We are therefore, tonight, coming together in a very
different Cape Town. It is now a major international
city that attract thousands of international tourists.
Robben Island is no longer a prison but a national monument
and a major tourist attraction. This, ladies and gentlemen,
is a reflection of the transformation that our country
has undergone. The experience of this city tells us
that good will triumph over evil, justice over injustice
and right over wrong.
I would not be exaggerating if I say that before 1994,
our country was on the brink of economic collapse. Its
was socially divided and politically volatile and clearly
on the verge of an open and full-scale civil war.
Today, South Africa is a model democracy, a stable
and peaceful country, with a steadily growing economy.
The first decade of our freedom is marked by two distinct
features. Firstly, our main task was that of eradicating
the legacy of apartheid, restoring human dignity, and
transforming the state from ruthless apartheid machinery
to a democratic system.
During the first term, working together, we ushered
in a democratic dispensation that was based on a human
rights culture and respect for the Constitution, whilst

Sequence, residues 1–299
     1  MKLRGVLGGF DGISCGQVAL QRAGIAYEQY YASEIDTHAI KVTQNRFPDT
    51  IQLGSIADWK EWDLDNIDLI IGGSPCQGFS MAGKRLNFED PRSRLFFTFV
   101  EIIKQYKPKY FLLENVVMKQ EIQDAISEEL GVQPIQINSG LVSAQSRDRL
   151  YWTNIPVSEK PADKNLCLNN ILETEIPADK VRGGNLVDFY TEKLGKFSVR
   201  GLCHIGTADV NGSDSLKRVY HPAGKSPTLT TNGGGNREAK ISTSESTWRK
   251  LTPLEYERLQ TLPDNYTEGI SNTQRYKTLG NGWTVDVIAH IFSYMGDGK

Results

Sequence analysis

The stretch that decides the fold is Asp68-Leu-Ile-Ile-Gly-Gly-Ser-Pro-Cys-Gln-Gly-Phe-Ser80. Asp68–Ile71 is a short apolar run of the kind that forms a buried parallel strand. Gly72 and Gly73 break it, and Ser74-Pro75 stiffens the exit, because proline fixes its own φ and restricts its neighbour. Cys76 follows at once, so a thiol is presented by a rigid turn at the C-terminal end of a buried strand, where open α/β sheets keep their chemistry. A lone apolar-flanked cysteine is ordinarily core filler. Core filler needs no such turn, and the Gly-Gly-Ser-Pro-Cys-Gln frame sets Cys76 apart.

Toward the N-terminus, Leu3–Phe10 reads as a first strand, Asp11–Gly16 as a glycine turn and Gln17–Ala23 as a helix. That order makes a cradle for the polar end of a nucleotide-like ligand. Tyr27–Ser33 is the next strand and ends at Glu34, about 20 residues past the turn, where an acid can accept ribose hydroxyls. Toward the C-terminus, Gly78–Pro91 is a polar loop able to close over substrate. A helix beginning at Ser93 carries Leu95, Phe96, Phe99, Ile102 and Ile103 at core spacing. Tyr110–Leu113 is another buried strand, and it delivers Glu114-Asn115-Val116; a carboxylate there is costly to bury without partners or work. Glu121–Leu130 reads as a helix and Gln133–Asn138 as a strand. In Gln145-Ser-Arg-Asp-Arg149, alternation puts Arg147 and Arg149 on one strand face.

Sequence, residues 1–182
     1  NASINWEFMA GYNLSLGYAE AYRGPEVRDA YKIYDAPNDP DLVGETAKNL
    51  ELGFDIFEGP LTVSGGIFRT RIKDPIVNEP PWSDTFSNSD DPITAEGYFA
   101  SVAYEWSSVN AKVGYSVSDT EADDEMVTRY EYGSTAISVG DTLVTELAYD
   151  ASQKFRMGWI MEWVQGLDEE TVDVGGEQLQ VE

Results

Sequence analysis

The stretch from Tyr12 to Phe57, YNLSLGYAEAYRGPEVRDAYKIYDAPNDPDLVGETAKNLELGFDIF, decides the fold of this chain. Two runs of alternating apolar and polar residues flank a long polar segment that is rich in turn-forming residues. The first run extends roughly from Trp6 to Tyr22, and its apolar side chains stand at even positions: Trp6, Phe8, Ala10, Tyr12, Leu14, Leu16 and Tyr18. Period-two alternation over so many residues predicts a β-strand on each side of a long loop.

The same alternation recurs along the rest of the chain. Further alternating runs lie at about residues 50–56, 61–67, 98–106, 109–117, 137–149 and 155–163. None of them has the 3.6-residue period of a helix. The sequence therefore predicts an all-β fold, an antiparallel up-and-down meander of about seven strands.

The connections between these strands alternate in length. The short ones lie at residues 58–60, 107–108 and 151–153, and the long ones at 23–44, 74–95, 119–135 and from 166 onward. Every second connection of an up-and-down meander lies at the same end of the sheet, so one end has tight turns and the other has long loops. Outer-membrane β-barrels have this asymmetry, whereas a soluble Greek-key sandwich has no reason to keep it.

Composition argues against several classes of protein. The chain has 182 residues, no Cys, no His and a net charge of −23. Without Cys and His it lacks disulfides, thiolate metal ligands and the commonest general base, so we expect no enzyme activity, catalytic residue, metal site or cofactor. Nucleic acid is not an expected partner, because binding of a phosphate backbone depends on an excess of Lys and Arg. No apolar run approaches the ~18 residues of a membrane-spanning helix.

stabilizing the country and embarking on nation building
Nation Building has been a central thrust of our government
policy as reflected through the Government of National
Unity between the ANC, the New National Party and Ikatha
Freedom Party during the first term.
The ANC/IFP co-operation nationally, in the second
term, as well as co-operative governance between the
ANC and NNP here in the Western Cape, and ANC and IFP
in KwaZulu-Natal currently, have been some of the elements
underscoring the nation building process.
The second term from 1999 has strongly focused on delivering
basic services, generally improving the quality of life
and acceleration the pace of change. The state machinery
and to be transformed to meet these priorities.
The fist decade of our freedom has therefore seen much
progress in many facets. It is not my intention to pre-empt
what the President will say in the State of the Nation
address tomorrow, and I will therefore contain my enthusiasm,
suffice to say that I believe that we have a lot to
As we do so, we will also be mindful of the numerous
challenges that still face us, key among which is the
eradication of poverty ad improving the living conditions
of the poor and historically marginalised in our country.
As the Parliamentary session begins tomorrow, we should,
as public representatives, be ready to join our constituencies
and be part of the 10th Year Anniversary celebrations,
regardless of which side of the political divide we
The freedom gained in 1994 was the freedom of all South
Africans, regardless of race, colour or creed. Therefore,
the achievements of the past decade are the achievements
of all South Africans.
The 10th Year anniversary celebrations should serve
as a reminder that we should never forget where we come
from, as it will make us appreciate the present, and
work hard for a better tomorrow for future generations.
I thank You.